He became a singing sensation from the day he joined the army’s popular Nahal singing ensemble at the age of 18, a popular actor, comedian and impersonator before he was 25. But it was with the “Yarkon Bridge Trio” that he set up with two other singers in 1964 that Einstein began to trail blaze his way in Israeli music, to churn out a seemingly endless supply of legends and anthems and immortal tunes that Israelis know by heart to this very day.

With his Hebrew covers for the Beatles and Animals, Einstein took Israelis by the hand and weaned them off the Italian songs and French chansons with which they had been force fed in late 50s and 60s. Together with bad-boy songwriter Shmulik Kraus and the American-born singer Josie Katz, he formed Israel’s first-ever pop group, “the High Windows” in 1966, thrilling young Israelis with a Mamas and Papas style harmony and shockingly irreverent songs about the bible and the military that were banned by both Israel and Army radio.

But it was after the group broke up that Einstein began producing the iconic songs that etched a generation. He gave Israel its first ever rock album, with “Poozy.” He linked together future superstar singers, songwriters and comedians in the Shablul ensemble that produced not only stellar albums but, with his pal Uri Zohar, unbearably funny television comedies as well.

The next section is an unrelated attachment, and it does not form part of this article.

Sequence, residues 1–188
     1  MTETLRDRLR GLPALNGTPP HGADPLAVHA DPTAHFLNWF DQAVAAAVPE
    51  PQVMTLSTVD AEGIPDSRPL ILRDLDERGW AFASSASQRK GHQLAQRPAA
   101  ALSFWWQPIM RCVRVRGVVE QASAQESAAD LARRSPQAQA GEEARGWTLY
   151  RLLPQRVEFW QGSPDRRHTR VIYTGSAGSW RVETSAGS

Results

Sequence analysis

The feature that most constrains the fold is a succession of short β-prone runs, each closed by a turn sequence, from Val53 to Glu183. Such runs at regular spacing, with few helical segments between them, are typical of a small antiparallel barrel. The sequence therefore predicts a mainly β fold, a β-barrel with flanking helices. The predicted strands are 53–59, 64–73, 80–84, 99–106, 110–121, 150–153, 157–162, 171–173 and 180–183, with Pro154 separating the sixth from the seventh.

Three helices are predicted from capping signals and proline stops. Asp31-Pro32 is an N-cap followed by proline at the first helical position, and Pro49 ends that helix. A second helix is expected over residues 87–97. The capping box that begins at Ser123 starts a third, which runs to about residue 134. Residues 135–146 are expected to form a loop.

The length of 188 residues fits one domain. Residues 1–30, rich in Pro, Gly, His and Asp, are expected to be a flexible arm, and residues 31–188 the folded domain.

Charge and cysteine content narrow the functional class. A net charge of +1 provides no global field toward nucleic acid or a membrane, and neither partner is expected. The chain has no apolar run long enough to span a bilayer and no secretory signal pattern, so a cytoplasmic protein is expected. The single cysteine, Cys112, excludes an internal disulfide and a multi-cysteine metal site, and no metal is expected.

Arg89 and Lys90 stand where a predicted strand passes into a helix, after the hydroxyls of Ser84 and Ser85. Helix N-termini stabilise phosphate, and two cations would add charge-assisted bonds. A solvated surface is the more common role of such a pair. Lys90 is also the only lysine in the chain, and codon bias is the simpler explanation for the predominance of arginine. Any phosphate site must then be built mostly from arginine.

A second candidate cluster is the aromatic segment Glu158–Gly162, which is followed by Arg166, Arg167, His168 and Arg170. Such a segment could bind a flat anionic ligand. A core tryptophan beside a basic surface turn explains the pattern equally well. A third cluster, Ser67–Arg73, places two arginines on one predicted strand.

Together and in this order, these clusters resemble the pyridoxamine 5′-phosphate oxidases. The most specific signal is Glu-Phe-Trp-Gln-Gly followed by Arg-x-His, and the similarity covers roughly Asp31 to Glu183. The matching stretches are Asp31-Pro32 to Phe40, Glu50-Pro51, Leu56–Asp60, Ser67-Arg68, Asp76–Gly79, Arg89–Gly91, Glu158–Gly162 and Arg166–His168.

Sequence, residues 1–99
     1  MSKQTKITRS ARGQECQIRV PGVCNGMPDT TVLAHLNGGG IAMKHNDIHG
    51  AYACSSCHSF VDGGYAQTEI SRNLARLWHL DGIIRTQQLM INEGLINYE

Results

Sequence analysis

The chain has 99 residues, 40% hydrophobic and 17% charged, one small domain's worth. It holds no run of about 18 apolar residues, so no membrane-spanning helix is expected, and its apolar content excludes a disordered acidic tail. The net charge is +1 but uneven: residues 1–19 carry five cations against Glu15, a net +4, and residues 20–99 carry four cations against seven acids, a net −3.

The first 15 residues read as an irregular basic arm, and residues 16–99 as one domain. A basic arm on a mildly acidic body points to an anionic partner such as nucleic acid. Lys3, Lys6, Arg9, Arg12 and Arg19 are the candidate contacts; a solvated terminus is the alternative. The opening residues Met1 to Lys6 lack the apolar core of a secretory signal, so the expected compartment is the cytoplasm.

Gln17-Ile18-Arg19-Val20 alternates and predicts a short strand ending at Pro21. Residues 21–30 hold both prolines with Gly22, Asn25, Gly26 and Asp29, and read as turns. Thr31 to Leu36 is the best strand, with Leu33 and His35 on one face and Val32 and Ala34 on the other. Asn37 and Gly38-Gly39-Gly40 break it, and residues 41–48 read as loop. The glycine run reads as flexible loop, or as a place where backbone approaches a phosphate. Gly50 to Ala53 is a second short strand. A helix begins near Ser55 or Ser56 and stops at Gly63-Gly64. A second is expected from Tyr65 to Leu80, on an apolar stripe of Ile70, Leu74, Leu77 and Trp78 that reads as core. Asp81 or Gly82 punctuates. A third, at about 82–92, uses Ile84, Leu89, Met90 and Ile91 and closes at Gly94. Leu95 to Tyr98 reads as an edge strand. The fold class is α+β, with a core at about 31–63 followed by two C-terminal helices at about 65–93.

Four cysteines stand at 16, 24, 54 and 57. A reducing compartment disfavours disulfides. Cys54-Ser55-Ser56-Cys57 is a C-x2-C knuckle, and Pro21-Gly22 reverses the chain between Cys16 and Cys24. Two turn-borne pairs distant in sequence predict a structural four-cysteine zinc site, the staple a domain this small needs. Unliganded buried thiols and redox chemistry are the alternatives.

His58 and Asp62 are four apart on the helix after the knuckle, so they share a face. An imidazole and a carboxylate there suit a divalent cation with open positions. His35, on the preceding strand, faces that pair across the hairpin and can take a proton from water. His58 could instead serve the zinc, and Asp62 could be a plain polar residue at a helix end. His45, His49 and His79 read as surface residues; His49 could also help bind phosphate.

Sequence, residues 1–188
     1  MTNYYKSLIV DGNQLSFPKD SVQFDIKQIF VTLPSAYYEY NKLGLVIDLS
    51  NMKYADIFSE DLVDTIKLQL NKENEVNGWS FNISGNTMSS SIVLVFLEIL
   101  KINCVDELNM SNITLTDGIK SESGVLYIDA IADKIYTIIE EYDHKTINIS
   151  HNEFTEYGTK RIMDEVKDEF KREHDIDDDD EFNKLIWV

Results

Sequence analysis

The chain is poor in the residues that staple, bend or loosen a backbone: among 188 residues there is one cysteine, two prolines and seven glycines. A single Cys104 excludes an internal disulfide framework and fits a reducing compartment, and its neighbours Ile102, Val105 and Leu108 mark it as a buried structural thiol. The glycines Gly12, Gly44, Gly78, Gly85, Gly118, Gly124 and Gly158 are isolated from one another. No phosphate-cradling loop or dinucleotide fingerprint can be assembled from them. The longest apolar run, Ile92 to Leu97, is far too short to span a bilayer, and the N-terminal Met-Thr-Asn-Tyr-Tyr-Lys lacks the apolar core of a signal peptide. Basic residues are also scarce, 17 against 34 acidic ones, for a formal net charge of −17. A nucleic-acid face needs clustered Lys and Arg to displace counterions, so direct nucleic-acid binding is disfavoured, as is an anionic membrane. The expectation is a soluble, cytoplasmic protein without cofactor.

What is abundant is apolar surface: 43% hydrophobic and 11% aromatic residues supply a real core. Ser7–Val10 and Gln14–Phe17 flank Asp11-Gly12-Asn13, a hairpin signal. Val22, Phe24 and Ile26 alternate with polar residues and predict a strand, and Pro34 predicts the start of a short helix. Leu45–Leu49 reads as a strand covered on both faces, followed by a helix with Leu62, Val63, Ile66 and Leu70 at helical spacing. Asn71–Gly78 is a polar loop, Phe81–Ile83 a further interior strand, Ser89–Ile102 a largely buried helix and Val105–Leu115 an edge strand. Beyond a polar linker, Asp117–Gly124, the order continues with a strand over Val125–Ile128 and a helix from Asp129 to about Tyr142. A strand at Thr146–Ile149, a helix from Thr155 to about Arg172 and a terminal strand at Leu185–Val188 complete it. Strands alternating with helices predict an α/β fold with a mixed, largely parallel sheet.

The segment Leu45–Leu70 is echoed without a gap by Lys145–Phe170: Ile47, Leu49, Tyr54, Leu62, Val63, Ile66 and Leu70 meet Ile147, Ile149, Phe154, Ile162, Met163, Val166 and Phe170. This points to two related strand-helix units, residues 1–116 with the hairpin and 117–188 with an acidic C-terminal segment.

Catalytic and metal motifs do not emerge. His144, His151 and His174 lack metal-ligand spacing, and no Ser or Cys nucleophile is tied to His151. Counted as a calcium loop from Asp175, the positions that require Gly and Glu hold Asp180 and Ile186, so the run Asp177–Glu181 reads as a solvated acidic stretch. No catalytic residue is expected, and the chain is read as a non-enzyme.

Together with the young Shalom Hanoch, later a rock god himself, Einstein produced hit after smash hit after megahit and, from that point onwards, he never stopped once. He plucked one musical genius after another from obscurity and catapulted them to stardom, collaborated with the best and the brightest, gave a voice to budding songwriters and genius poets from the classic Haim Bialik to the modern Yankale Rotblit and many others as well.

He sang of the old Tel Aviv of his childhood, of his passion for sports, of youthful promise and later disappointment, of jaundiced journalists and crooked politicians. And he sang of love, always of love, providing the background music and upfront lyrics that seduced entire generations. He steered clear of politics and division and territories and Palestinians, enabling him to stay above the fray and remain loved by all.

Einstein continued producing music well into his 60’s and 70’s. In 2010, at the age of 71, he was, astonishingly, still the most widely played singer in the country. In 2011 he produced yet another album, his 35th. And it was only a few days ago that the newspaper Maariv announced that Einstein had agreed to write a weekly column.

On Tuesday night he suffered a massive heart attack and died a few hours later. His death brought forth an outpouring of collective grief that is reserved only for those who are truly worthy of worship. Israel, everyone knows, won’t be the same without him.